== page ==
Manage my business

Marketing Basics for Small Business Owners

Ready to land your first customer—and make your first dollar as a small business owner? An effective marketing strategy can help you execute on your financial and operational goals. We’ve put together a short post on the marketing basics for small business owners. This will outline what marketing is, how it can improve your business and how to get started.

Why your small business needs marketing

If you have a business that’s always filled with customers and clients and know, definitely, that will always be the case for the lifetime of the business, you may not need marketing. For the rest of us, marketing can have a positive impact on our top and bottom lines.

There are many definitions, but one I like to stick with is “measurable activities that help create and maintain customers.” There are big, splashy ways to market like buying TV advertisements or billboards but you can make many smaller efforts that lead to more clients.

First marketing task: Perform market research

Meeting customer demand is at the cornerstone of marketing planning for small businesses. But to grow and maintain a customer base, you’ll need to convince new customers to use your product or service.

Through market research, you can identify what drives customers in your intended market. It can be as simple as sending questionnaires to would-be customers. Market research can both reveal customer pain points and highlight demographic and economic trends. It can also help you tailor marketing outreach efforts to better resonate with customers.

Marketing for small business: Identify a target market

A targeted marketing strategy can take a limited marketing budget further than broad outreach efforts. Targeted marketing targets customers with whom you have a competitive advantage. These are the customers that your business will be able to serve best.

You can narrow your intended market to include only customers in a certain geographic area. Or, you can opt to perform marketing outreach only to customers most likely to purchase your product or service.

Mind the four P’s of marketing

Once you determine your target market and its needs, you can develop a marketing mix catered to this market. These are the tactics you will use to execute your marketing strategy. Known as the four P’s of marketing, they include:

  • Product: What product or service will you offer customers? Strive for high-quality, value-added goods and services unique from competitor offerings.
  • Pricing: How much will your product or service cost customers? Price your products or services to achieve profitable sales volume.
  • Placement (Distribution): How will you distribute your product or service to customers? Consider selling your offering online for broader availability.
  • Promotion: How will you promote your product or service to customers? Include low-cost digital marketing strategies to boost your online presence.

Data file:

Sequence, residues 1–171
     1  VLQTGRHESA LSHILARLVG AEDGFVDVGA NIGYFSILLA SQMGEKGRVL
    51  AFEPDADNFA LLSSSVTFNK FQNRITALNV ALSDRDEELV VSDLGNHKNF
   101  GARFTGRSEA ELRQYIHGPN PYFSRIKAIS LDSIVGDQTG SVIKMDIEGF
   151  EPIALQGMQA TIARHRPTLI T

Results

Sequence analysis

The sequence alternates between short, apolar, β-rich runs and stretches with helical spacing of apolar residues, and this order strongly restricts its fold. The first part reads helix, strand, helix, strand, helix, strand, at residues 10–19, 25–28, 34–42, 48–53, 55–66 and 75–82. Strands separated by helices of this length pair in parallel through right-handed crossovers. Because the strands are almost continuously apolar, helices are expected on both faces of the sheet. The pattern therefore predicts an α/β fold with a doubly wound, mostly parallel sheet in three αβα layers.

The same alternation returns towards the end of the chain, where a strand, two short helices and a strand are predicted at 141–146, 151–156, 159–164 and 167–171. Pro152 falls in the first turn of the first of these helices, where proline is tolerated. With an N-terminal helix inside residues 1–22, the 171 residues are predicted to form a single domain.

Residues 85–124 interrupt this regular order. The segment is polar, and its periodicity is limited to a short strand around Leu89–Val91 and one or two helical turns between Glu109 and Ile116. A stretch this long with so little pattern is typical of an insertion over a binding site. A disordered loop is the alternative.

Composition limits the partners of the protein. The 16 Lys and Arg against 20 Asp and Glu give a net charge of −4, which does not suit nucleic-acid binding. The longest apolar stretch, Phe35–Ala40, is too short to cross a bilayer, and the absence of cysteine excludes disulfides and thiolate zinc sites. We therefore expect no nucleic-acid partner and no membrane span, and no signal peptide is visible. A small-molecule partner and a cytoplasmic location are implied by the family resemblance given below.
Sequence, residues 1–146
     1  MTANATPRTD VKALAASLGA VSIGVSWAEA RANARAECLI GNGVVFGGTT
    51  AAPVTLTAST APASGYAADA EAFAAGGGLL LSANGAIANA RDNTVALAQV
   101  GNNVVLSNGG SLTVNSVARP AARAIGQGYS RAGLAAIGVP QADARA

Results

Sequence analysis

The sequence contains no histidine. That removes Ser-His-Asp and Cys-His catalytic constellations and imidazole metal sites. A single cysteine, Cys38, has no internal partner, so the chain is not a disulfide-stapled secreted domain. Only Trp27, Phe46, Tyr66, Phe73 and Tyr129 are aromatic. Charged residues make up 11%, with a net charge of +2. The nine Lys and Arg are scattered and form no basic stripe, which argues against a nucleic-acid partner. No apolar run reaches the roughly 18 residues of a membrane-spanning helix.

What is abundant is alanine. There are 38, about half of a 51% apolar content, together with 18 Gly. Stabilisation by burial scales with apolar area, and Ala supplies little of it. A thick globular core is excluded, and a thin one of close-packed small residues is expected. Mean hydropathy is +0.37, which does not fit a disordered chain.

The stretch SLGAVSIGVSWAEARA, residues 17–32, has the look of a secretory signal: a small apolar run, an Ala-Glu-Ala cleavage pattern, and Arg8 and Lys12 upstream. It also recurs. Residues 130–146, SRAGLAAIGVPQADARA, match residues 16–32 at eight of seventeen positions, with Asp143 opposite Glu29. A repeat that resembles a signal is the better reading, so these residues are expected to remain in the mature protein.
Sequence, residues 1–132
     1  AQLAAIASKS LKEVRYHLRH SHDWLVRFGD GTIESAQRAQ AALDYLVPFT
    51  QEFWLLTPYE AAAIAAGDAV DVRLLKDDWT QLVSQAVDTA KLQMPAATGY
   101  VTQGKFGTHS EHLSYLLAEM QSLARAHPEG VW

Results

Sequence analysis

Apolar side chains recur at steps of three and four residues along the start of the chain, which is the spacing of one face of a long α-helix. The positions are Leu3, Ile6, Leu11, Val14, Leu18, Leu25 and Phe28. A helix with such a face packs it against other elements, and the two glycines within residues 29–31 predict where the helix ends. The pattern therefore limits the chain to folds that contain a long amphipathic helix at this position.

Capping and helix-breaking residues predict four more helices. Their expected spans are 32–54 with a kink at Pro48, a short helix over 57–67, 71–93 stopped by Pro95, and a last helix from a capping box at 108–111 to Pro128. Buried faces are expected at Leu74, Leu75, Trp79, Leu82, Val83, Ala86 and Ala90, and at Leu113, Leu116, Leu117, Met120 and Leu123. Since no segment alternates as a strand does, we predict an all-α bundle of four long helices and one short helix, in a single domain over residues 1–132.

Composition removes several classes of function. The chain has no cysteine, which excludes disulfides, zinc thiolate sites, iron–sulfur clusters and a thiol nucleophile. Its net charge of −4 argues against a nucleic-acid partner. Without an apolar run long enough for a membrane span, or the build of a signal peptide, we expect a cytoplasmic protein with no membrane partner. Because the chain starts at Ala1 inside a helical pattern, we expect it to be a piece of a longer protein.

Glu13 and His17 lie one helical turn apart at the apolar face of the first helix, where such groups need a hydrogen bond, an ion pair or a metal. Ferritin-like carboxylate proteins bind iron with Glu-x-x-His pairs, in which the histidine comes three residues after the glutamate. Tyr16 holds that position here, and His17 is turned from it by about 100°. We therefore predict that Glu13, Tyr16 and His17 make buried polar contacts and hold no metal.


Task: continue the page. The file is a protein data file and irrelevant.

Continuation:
How to create a marketing plan

The marketing plan will set forth how you plan to achieve your marketing goals so you can stick to them. Include information about your target market, competitive advantage, marketing mix and budget. This will enable you to fulfill marketing goals within budget and with a desirable return on investment.

Develop a strong brand identity

A memorable brand can instantly set you apart from competitors. Your brand can include everything from your logo to your business website. Customer messaging and marketing materials should also align with this brand identity.

Remember that as a business owner, you are also an extension of the brand. Present your brand favorably in customer interactions and elevator pitches about your business.

Expand your network

Social media and e-mail campaigns are among the most effective marketing tools in the digital era. But marketing planning for small businesses should still include word-of-mouth outreach. Networking with fellow professionals is a simple and often free way to spread the word about your business. It can also help you build lasting relationships that can mutually benefit you and your business contacts.

About the author

Manasa Reddigari

Manasa Reddigari has tackled topics ranging from computer software to home remodeling in her more-than-a-decade-long career as a writer and editor. During her stint as a scribe, she's been featured by MileIQ, Trulia, and other leading digital properties. Connect with her on copyhabit.com to find out what she's been writing about lately.

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                    The Growth Center does not constitute professional tax or financial advice. You should contact your own tax or financial professional to discuss your situation.